Nevertheless, even in the closely held realm, your bet seems right.

          2. In fact one of the few good criticism’s that progressives have about corporate drug research is that curing a disease is significantly less profitable than maintaining it.

            Using taxpayer dollars doesn’t resolve this issue and this isn’t a conspiracy or a theory. Cigarettes and smoking could be outright eliminated (not that I’m proposing it), instead taxes are collects on the premise of both causing and treating the lung cancer.

            The biggest difference I see is that under the current patenting regime, if I have the knowledge and capability to cure myself and my neighbors of a, disease even without desire for profit, I am compelled to forgo that solution and purchase the drug direct from a/the manufacturer. See e-cigarettes.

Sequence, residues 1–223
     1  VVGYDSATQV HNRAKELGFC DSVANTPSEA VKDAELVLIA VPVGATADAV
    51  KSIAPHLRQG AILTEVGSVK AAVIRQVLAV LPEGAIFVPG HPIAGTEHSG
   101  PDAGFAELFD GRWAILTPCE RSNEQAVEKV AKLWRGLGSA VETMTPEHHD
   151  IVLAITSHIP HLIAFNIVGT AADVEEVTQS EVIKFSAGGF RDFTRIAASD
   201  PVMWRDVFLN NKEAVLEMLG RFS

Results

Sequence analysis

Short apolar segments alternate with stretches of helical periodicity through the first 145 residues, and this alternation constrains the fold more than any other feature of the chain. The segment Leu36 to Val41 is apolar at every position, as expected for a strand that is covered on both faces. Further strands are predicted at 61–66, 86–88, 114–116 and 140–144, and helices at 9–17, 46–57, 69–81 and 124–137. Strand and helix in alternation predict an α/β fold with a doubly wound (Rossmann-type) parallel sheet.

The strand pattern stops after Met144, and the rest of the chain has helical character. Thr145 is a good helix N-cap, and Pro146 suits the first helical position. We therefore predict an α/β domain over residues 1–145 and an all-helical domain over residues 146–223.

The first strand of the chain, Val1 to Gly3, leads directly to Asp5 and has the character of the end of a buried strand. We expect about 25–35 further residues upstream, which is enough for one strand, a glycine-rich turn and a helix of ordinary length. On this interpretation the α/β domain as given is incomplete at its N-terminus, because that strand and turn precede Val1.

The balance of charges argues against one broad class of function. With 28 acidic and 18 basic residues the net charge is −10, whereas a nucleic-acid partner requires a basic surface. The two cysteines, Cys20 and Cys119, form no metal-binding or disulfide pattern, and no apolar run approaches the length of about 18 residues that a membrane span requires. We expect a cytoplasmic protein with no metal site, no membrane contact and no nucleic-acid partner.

1. But Tarran’s comment that I was responding to (and supporting) did not suggest using taxpayer dollars. He specifically suggested using charitable donations

              1. Sorry if I wasn’t clear;

                *Ahem*, and I quote; “one of the few good criticism’s that progressives have about corporate drug research is that curing a disease is significantly less profitable than maintaining it.

                In fact, this isn’t a good criticism because, *if* the latter portion is true, it is true regardless of the funding source.

                Also, it’s only true in any common or sensible fashion if you additionally *assume* frequent stable bizarre contortions of collusion amongst competitors (which are already otherwise regulated) and stupid types of fungibility like High Cholesterol = Sickle Cell Anemia.

      2. getting rid of the FDA is a great idea as well